# Discrete Random Variables - Joint Probability Distribution

The **joint probability distribution** of two random variables is a function describing the probability of pairs of values occurring. For instance, consider a random variable \(X\) that represents the number of heads in a single coin flip, and a random variable \(Y\) that represents the number of heads in a different single coin flip. Then the joint distribution of \(X\) and \(Y\) is

\[\text{Pr}(X=x, Y=y) = \begin{cases} \frac{1}{4} & x = 0, y = 0 \\ \frac{1}{4} & x = 0, y = 1 \\ \frac{1}{4} & x = 1, y = 0 \\ \frac{1}{4} & x = 1, y = 1 \end{cases} \]

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## Formal definition

The joint distribution of two random variables \(X,Y\) is given by

\[\text{Pr}[X=x \text{ and } Y=y] = \text{Pr}(Y = y | X = x)\text{Pr}(X = x) = \text{Pr}(X = x | Y = y)\text{Pr}(Y = y)\]

where \(P(Y = y | X = x)\) is the probability that \(Y = y\) *given that* \(X = x\). When \(X,Y\) are independent, this value is equal to \(P(Y = y)\) (as the fact that \(X = x\) is irrelevant), and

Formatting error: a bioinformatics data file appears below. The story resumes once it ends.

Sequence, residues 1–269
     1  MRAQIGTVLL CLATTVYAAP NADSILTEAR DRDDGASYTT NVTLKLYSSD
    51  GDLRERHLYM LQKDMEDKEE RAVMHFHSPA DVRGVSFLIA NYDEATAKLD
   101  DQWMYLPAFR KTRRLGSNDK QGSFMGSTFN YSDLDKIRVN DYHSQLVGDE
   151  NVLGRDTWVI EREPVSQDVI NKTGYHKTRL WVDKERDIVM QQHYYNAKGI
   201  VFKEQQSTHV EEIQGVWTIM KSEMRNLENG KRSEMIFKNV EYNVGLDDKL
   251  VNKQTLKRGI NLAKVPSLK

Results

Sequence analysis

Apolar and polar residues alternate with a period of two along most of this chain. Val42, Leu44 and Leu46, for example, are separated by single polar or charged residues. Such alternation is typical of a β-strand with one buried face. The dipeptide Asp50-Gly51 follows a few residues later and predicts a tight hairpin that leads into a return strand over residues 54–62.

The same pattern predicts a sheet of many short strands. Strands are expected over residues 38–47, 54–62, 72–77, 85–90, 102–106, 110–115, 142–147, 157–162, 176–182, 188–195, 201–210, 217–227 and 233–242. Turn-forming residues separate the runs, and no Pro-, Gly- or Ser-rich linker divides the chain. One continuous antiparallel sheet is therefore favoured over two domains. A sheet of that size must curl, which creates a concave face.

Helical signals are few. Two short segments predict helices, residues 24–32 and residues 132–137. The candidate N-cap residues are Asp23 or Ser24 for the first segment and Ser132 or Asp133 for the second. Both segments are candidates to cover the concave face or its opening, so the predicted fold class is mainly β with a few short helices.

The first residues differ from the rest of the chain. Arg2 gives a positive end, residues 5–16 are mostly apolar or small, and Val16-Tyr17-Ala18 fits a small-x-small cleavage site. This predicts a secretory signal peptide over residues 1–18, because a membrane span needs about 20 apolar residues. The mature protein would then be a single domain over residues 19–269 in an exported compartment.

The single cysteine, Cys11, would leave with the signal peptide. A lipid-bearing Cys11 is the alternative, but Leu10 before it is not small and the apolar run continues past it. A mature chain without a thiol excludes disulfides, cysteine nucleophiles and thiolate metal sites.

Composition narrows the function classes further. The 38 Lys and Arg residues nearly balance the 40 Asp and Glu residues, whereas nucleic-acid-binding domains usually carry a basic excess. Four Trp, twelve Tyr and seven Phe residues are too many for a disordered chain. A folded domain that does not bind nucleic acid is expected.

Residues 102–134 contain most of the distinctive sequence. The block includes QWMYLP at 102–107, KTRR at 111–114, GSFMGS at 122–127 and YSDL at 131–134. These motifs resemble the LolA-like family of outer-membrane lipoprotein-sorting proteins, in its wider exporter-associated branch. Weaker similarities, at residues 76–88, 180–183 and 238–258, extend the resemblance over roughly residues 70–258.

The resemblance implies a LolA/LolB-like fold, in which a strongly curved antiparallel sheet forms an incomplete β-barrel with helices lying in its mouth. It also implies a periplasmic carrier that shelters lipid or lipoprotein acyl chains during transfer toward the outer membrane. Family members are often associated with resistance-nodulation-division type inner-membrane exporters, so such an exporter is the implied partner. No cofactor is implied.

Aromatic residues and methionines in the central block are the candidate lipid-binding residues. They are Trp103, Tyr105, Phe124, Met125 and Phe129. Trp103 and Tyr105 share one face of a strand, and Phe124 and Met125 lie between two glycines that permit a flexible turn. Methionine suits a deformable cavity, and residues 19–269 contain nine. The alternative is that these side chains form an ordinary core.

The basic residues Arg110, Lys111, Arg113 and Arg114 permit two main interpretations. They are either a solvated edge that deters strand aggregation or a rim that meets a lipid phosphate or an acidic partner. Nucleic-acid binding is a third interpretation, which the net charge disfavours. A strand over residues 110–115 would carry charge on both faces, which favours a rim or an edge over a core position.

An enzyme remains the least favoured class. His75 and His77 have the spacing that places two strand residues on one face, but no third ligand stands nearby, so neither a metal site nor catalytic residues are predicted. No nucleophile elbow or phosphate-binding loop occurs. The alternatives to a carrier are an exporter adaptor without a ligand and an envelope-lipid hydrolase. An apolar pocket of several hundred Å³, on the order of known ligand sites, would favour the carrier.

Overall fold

\[\text{Pr}[X = x, Y = y] = \text{Pr}(X=x)\text{Pr}(Y=y)\]

This also allows the joint distribution to be used as an independence test: if the above relation holds for all \(x,y\), then \(X\) and \(Y\) are independent. Otherwise, they are not.

Notably, this relation immediately rearranges to Bayes' theorem, which is very important in conditional probability.

Suppose that the probability that a random person has a certain disease is \(0.005.\) A scientist develops a device which tests a person positive for the disease with \(95\)% chance when the person really has the disease. However, the same device tests a person positive for the disease with \(1\)% chance when the person in fact does not have the disease. What is the probability that a person really has the disease when tested positive by the device?

## Total probability

If \(X\) takes on the value \(x\), \(Y\) must take on some value, and so

\[\text{Pr}[X = x] = \sum_y \text{Pr}[X = x, Y = y] = \sum_y \text{Pr}[X = x|Y = y]\text{Pr}[Y = y]\]

which is related to the law of iterated expectation.

## See also

**Cite as:**Discrete Random Variables - Joint Probability Distribution.

*Brilliant.org*. Retrieved from https://brilliant.org/wiki/discrete-random-variables-joint-probability/